1. Encryption of user data for privacy
2. Authentication of the integrity of a message to ensure that it is not changed en route
3. Protection against certain types of security attacks, such as replay attacks
4 . The ability for devices to negotiate the security algorithms and keys required to meet their security needs

Initially, endpoints must agree on a set of security protocols to use so that each one sends data in a format the other can understand. They must decide on a specific encryption algorithm to use in encoding data.

They must exchange keys that are used to decrypt data that has been cryptographically encoded. IPsec uses the Internet Key Exchange (IKE) protocol for these functions.

IKE is a protocol for providing mutual authentication and security association establishment for IPsec VPNs. IKE has countless deployments and almost as many RFCs. RFC 2407, 2408, and 2409 all provide base IKE protocol definition, and numerous RFCs exist for supporting Network Address Translation (NAT) traversal, Extensible Authentication Protocol (EAP), remote address acquisition, and so on.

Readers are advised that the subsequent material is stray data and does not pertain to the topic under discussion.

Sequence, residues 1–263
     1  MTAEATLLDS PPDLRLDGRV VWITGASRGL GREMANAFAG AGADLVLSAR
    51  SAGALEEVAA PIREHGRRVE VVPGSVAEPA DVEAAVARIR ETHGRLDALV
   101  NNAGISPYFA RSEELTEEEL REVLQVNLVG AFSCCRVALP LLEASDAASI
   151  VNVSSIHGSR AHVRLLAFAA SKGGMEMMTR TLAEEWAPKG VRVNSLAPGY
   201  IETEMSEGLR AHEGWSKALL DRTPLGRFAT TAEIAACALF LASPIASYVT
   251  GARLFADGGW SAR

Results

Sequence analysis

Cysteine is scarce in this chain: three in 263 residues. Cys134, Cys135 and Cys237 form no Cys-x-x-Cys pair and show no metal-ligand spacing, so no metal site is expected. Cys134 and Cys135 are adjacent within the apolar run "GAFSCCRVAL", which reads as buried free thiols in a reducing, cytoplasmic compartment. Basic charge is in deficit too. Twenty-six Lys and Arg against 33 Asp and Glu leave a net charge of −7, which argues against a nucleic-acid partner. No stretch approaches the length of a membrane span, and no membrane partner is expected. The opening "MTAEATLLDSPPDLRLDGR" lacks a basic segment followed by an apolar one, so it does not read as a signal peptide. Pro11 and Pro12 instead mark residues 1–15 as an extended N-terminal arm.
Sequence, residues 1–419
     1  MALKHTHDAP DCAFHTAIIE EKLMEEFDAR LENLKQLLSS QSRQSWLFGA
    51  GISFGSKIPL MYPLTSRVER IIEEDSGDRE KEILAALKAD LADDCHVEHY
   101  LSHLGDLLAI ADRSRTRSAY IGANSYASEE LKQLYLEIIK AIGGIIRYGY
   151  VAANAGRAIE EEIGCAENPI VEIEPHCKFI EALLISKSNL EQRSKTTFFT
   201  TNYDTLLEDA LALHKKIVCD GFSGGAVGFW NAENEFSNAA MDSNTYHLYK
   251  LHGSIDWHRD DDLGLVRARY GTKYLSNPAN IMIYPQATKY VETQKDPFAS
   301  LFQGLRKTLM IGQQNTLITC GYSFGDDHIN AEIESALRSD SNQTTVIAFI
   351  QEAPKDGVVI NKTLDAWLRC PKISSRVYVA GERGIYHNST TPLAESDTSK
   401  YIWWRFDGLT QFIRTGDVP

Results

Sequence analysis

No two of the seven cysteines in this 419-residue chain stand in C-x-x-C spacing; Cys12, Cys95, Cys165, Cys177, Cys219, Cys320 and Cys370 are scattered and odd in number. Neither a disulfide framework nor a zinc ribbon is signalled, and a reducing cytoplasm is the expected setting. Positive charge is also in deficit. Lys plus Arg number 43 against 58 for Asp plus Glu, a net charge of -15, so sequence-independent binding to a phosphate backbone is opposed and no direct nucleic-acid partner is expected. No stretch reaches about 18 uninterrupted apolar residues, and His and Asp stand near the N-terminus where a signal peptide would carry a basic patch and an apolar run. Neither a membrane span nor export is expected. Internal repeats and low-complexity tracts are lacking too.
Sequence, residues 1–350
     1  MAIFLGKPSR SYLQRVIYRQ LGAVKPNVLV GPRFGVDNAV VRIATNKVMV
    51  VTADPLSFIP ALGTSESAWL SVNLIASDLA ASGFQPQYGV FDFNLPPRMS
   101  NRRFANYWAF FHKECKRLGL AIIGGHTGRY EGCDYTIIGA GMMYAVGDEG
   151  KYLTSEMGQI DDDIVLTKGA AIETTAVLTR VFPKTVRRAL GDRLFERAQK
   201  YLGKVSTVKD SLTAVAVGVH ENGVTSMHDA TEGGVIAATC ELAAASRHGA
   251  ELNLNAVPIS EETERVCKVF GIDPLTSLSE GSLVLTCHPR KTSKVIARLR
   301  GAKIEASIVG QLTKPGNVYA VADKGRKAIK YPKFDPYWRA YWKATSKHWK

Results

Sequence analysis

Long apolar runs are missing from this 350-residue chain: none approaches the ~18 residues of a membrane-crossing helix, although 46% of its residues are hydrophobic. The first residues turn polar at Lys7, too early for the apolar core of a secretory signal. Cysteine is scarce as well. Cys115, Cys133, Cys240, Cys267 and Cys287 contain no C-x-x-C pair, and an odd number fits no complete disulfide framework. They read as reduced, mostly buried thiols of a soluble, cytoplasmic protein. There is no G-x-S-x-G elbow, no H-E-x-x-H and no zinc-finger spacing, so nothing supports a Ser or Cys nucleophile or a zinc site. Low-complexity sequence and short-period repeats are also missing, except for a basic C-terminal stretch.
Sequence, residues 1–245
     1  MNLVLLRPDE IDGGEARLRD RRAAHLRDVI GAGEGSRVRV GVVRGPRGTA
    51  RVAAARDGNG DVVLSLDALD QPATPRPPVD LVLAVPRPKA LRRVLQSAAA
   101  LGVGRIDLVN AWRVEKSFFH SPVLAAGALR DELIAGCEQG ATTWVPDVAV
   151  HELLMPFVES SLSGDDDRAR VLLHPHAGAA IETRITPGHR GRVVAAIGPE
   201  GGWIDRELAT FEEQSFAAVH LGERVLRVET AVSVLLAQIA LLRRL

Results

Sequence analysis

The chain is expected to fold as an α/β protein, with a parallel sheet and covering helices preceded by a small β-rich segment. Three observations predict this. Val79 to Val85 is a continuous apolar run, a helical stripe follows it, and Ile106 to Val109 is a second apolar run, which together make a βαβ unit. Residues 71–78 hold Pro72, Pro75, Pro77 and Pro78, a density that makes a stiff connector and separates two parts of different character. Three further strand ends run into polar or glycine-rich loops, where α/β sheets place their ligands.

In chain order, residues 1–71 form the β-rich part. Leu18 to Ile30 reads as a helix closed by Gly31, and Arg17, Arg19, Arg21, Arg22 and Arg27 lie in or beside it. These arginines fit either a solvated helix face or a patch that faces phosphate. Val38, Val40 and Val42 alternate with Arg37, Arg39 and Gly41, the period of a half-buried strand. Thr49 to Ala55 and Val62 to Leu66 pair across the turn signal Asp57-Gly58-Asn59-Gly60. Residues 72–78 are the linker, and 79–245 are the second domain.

IKEv2, standardized in RFC 4306, centralized all IKE functions into a common RFC and included enhancements to the original IKE protocol for more efficient call setup and lower latency.

IKEv2 provides a mechanism for mutual authentication between two Internet nodes and establishment a Security Association (SA) based on shared secret information and a set of cryptographic algorithms to ensure data confidentiality. Each SA is a logical, simplex connection that provides the secure data connection between devices.

IKEv2 communications are request/response-based message flows known as exchanges. An IKE SA is established with two exchanges (four messages) – the IKE_SA_INIT and IKE_AUTH.

IKEv2 IKE_SA_INIT

The IKE_SA_INIT exchange is used to negotiate cryptographic algorithms; to exchange pseudorandom numbers, known as nonces, for replay attack prevention; and to establish a symmetric shared key. This process provides the two nodes with enough information to securely transport information required for IKE_AUTH exchange.

The node that sends the initial request message is known as the initiator. The initiator sends the initial request with the following information:

Security Parameter Index (SPI): The SPI is a random number used to reference the specific SA.

SAi1: The SAi1 provides the cryptographic algorithms supported by the initiator.